Review: The 1975’s recent sold out show at the Hammersmith Apollo
November 29, 2015
Tuesday night saw the long awaited return of The 1975 to London having toured extensively across the globe for the past two years. With new material, a new image and having just released ‘Love Me’, the band faced high expectations.
With no pre-show playlist, a distorted hum grows steadily louder signaling the beginning of the show, a beat of silence and the band launch into their single, ‘Love Me’. A bold move considering it hasn’t long been available. The crowd erupts and the atmosphere is palpable. They play through several songs from their debut record, with the audience singing back every word.
The lighting and visuals compliment the 80’s aesthetic that is driven by front man Healy. Straying from the black and white monochrome that defined their first record, the band are now lit by psychedelic pastels and LA cityscapes. Clever positioning leaves the band members silhouetted against the backdrop – a striking image.
It is a show that lets the music do the talking. Littered with saxophone and guitar solos, the set is a celebration of all that The 1975 have come to embody. During a saxophone solo in ‘Menswear’, Matty takes a seat on top of the guitar cab, sipping his wine and taking in the moment. As a lead singer, he is clearly intent on becoming an icon.
There are touching moments too. Matty urges the crowd to put their phones away in defiance of the iPhone generation. ‘I just want to be alive in the moment’, he explains. Fans oblige – if only for a moment.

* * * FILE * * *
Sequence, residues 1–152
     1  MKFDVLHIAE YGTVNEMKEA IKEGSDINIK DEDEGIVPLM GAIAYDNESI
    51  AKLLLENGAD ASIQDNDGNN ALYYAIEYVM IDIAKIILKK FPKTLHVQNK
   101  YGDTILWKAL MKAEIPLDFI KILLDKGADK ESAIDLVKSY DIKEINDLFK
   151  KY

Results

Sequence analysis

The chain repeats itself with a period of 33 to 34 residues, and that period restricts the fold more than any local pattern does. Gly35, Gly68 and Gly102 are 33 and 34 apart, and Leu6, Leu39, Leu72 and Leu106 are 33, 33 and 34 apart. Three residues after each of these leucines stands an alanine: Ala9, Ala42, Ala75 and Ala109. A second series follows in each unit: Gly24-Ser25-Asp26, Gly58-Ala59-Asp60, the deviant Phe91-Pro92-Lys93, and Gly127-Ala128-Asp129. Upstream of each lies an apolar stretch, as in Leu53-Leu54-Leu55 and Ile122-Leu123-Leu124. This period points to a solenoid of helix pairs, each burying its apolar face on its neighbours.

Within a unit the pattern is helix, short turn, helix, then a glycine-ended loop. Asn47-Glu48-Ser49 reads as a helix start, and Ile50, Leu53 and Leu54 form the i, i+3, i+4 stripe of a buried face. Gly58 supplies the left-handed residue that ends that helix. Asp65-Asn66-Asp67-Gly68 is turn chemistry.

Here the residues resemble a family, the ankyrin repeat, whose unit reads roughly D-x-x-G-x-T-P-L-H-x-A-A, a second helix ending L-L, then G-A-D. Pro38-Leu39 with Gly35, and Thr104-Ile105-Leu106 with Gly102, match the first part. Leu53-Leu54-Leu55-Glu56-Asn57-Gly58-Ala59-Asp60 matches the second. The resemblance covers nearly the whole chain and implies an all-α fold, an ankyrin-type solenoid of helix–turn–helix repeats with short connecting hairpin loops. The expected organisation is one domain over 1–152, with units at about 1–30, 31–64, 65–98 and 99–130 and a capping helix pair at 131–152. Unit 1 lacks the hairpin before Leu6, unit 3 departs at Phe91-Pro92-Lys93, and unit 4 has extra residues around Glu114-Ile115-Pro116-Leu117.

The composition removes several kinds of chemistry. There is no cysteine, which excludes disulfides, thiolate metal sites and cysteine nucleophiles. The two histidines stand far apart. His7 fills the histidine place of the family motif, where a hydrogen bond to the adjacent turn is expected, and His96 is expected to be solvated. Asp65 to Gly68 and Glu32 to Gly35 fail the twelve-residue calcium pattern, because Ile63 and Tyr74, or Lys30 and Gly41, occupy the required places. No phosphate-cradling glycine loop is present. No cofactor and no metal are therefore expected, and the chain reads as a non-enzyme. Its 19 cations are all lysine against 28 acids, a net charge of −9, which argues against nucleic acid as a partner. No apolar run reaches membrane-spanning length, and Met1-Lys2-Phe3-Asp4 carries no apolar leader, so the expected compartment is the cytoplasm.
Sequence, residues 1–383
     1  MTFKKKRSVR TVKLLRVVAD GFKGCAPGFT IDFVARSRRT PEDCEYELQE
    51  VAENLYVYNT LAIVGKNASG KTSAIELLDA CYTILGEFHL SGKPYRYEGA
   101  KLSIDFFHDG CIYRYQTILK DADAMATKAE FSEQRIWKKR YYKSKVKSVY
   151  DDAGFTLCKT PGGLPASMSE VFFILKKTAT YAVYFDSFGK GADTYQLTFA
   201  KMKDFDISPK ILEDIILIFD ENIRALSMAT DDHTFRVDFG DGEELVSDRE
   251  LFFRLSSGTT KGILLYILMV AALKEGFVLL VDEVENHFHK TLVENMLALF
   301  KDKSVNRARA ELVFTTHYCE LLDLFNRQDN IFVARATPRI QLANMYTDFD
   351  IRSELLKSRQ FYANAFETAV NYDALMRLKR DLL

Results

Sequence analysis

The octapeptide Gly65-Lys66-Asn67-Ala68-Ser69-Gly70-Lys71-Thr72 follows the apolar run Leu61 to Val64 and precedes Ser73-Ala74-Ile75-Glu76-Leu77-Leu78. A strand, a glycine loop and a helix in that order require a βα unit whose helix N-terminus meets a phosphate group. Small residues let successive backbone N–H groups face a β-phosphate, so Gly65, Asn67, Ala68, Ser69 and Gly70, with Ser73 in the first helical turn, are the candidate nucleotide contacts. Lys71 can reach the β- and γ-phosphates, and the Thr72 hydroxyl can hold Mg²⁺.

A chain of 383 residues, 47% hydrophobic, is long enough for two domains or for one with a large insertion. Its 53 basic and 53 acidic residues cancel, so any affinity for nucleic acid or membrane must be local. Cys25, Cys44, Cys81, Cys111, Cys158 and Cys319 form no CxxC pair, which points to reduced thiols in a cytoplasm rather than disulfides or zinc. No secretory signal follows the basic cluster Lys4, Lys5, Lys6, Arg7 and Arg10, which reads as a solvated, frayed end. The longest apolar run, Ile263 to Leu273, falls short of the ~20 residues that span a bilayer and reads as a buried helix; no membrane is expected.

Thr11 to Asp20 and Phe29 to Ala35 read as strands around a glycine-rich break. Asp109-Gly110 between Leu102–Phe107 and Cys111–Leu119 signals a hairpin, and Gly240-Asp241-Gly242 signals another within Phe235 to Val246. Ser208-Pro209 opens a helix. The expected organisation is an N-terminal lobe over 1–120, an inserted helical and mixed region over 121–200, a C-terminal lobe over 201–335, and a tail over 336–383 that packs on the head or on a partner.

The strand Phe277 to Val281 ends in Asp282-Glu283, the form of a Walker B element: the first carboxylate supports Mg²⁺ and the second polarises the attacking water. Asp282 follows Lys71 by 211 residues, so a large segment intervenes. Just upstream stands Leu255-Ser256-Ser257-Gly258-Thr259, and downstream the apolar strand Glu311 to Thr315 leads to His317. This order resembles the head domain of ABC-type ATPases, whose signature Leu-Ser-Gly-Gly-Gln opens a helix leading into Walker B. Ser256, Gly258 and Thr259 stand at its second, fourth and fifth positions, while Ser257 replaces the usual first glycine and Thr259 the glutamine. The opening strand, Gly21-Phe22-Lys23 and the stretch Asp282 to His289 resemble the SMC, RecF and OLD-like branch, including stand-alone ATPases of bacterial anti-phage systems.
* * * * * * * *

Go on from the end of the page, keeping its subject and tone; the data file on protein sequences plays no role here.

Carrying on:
Mid set the band take the audience hand in hand through a collection of their newer material, ‘We couldn’t possibly play all of it, that would be boring…London, are you ready to jump around to a song you don’t know very well?’.
They return to some more familiar material in ‘Robbers’ and ‘Girls’ before leaving the stage. It is a brief exit and the band are back on stage with Matty having changed into a silk number. The rocky track ‘Sex’ brings the show to its finale. It’s a fitting end, with drums crashing over wailing guitars and the crowd going wild.
The 1975 know how to put on a tight, polished show and it’s a show that clearly deserves a much larger stage. This will surely come with the February release of their second album ‘I Like It When You Sleep For You Are So Beautiful Yet So Unaware Of It’. For now, London waits again.
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Change Of Heart